Netflix drama 13 Reasons Why deals with fictional teenager Hannah Baker’s death by suicide. Before her death, she recorded a series of 13 cassette tapes, each addressing a person whose actions she felt were instrumental in leading her to the point where she had no option but to take her own life. As a suicide researcher and someone personally affected by suicide, I was very concerned about the messages that come through the programme as well as the way suicide was depicted. Here’s why:
It normalises and legitimises suicide. By providing clear reasons why a person would want to take their own life, the series suggests that suicide is reasonable, given a particular set of circumstances. This is an unhelpful message to send. People who have experienced similar problems may begin to view suicide as a viable option for them.
The message about suicide is wrong. By suggesting there are clear and linear reasons why a person would contemplate taking their own life, the series conveys an inaccurate message about suicide. The situation for many people is much more complex, and for some people there are no clear or obvious reasons why they feel how they do. For people unable to identify their reasons for feeling suicidal, there is little to legitimise their experience. Distress is valid and people are deserving of help, whether there is one reason, 13 reasons, or no obvious reason at all. The series also suggests that, with so many reasons, suicide was the protagonist’s only option. It wasn’t.
The series does nothing to encourage young people to seek help. None of the characters in the series speak to an adult about what’s going on. This is true of Hannah before her death – when dealing with issues such as bullying, stalking and rape – and the recipients of the tapes following her death. In fact, the characters are shown going to great lengths to keep information away from sources of potential support. The one time Hannah did seek help, the experience is shown to be negative. This provides an inaccurate representation of support services, suggesting others are incapable or unwilling to help someone in distress.
The suicide scene is extremely graphic. The suicide scene in the final episode of the series is very graphic and makes for difficult viewing. The detail provided and the length of the scene fails to comply with any international recommendations about the fictional portrayal of suicide. Research indicates that exposure to detailed descriptions or images of suicide, including methods and means of suicide, is associated with increased distress and can increase the risk of imitation by vulnerable people, particularly those who have been affected by suicide. This is known as copycat behaviour or social contagion.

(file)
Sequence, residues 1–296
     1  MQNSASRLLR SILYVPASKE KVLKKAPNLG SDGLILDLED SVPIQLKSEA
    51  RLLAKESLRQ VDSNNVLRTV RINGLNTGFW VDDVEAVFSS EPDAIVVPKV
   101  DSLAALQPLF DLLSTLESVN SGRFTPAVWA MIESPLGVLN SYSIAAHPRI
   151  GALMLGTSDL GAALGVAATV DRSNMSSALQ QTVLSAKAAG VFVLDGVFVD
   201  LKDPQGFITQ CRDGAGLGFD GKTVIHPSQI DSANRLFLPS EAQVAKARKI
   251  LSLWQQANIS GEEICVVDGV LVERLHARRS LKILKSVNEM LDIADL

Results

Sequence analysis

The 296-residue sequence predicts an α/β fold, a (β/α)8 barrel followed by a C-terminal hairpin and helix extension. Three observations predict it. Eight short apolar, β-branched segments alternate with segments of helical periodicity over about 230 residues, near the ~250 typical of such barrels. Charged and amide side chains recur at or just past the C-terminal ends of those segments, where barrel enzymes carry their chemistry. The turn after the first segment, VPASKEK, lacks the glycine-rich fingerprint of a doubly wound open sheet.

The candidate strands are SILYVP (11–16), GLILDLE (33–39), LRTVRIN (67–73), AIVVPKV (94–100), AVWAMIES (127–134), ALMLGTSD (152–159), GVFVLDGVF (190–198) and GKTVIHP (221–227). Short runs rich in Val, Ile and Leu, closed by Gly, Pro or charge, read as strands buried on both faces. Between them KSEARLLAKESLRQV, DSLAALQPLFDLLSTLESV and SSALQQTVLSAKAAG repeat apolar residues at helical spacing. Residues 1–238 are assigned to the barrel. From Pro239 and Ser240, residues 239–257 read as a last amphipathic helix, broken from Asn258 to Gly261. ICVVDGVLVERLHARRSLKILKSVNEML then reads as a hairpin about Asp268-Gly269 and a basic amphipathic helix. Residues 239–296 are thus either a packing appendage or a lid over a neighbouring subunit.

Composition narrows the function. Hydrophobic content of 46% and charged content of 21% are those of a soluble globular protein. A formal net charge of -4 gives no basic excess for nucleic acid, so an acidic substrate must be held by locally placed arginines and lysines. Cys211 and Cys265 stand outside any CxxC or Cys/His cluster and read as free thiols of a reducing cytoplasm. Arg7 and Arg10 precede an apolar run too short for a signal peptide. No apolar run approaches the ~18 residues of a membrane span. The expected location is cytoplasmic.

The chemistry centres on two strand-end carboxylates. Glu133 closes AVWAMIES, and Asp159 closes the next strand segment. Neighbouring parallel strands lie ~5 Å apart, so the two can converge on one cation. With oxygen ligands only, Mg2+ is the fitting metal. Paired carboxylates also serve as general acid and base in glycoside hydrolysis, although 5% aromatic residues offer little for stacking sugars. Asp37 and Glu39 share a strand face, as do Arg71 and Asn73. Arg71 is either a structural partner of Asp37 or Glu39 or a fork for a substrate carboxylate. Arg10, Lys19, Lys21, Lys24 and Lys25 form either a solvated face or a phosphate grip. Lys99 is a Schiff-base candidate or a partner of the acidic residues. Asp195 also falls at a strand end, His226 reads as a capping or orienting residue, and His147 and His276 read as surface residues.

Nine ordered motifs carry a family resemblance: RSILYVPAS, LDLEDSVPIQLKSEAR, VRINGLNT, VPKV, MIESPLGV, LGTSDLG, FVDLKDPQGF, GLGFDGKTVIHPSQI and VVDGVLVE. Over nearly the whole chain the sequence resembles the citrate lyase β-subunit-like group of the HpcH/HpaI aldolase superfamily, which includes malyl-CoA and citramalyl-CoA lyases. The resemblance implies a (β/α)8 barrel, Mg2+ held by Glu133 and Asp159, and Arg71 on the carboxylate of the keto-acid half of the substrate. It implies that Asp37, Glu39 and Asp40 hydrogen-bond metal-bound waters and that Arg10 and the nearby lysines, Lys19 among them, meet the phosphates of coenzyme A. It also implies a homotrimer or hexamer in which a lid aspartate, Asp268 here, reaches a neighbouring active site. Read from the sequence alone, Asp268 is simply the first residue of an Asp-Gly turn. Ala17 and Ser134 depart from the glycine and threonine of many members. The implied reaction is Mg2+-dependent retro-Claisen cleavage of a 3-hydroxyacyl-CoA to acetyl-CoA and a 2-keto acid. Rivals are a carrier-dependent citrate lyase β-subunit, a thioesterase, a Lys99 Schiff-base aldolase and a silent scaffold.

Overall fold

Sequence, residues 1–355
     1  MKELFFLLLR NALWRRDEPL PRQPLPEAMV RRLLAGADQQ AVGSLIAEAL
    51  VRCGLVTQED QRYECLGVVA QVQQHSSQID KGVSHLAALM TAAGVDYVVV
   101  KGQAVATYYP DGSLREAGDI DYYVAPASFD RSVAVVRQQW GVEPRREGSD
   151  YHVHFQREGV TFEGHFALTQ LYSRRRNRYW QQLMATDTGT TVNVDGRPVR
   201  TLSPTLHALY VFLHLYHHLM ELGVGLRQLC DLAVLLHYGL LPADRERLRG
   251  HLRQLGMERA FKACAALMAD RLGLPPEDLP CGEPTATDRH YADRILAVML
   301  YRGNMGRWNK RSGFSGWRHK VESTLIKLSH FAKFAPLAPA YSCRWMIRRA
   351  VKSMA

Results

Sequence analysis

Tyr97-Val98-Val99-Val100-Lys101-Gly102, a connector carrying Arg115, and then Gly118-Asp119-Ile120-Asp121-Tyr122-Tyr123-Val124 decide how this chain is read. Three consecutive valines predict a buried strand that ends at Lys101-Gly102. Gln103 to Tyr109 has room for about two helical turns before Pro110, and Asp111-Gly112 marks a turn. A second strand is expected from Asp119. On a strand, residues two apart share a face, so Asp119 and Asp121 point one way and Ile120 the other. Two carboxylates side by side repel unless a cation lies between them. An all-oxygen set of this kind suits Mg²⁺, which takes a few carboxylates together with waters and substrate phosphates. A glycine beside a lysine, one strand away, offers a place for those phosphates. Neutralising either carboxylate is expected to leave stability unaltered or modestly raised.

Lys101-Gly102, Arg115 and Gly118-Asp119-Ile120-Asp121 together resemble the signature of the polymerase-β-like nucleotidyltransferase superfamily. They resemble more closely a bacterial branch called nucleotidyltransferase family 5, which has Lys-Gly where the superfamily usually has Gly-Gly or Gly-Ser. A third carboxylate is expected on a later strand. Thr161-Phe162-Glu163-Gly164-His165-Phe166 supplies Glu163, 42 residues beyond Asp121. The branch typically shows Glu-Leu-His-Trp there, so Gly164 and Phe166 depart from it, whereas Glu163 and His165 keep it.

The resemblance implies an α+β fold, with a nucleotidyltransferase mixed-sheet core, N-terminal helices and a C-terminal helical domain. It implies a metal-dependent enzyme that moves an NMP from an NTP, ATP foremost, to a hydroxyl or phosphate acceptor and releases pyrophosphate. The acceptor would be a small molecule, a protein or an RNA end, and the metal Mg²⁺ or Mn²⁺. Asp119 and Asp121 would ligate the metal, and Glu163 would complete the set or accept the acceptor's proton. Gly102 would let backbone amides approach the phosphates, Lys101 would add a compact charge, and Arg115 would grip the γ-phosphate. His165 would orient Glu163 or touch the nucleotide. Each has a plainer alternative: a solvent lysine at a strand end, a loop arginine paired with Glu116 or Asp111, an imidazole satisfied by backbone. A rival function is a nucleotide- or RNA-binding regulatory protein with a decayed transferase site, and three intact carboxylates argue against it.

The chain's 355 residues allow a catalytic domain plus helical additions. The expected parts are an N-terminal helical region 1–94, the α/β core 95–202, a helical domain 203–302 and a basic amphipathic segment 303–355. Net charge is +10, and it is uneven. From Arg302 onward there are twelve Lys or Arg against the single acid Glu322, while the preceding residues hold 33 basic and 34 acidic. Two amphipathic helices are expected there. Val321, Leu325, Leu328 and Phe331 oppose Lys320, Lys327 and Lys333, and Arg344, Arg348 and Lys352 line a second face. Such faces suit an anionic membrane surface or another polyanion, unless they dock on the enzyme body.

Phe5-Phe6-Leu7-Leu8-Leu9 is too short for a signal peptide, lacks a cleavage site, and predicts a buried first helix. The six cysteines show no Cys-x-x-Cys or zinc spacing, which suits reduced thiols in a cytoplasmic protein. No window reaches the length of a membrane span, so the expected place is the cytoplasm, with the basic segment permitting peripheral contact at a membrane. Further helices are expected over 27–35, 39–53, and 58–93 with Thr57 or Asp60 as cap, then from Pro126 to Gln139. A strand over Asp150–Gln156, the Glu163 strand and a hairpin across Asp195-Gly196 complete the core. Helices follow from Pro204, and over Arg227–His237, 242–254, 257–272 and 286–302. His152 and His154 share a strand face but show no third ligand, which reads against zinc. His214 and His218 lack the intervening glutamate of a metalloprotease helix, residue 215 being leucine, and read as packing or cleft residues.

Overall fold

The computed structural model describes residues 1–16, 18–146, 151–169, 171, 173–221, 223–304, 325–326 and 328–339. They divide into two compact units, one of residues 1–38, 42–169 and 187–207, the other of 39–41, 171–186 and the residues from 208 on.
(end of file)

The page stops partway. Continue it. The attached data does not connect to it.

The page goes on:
I disagree with the producer’s claim that it was important to show suicide in unflinching and painful detail. You don’t need to see a dead body to understand the realities of suicide.
Others are not to blame for suicide. For anyone affected by suicide, the series is likely to add to the guilt they may already be feeling as a result of the loss of a loved one. By presenting people’s actions as reasons for her suicide, Hannah makes others responsible for her death. The final message of the series is that if just one person had done something differently, Hannah might still be alive. Suggesting that there is always someone to blame when a person takes their own life is wrong and does nothing to alleviate the “what if…?” questions that torment people who have lost someone to suicide. Presenting suicide as a way to “teach people a lesson”, also triggers debate about whether suicide is a heroic or selfish act. These judgements are inaccurate and unsafe (possibly leading to imitation) representations of suicide.
People do not live on through anything left behind. Death is final. The series, however, gives the impression that Hannah is able to live on, after death, witnessing people’s reactions to her tapes, and achieves her desired outcome of teaching people a lesson. This fails to demonstrate the permanence of suicide.
It’s important that we talk about suicide – silence doesn’t help anyone – but broadcasters have a responsibility to know what they are showing and the impact that certain content can have on an audience, especially a young audience. Broadcasters should do everything possible to make it less likely that someone will act on suicidal thoughts when distressed, and part of that is the responsible portrayal of suicide; 13 Reasons Why fails in this respect.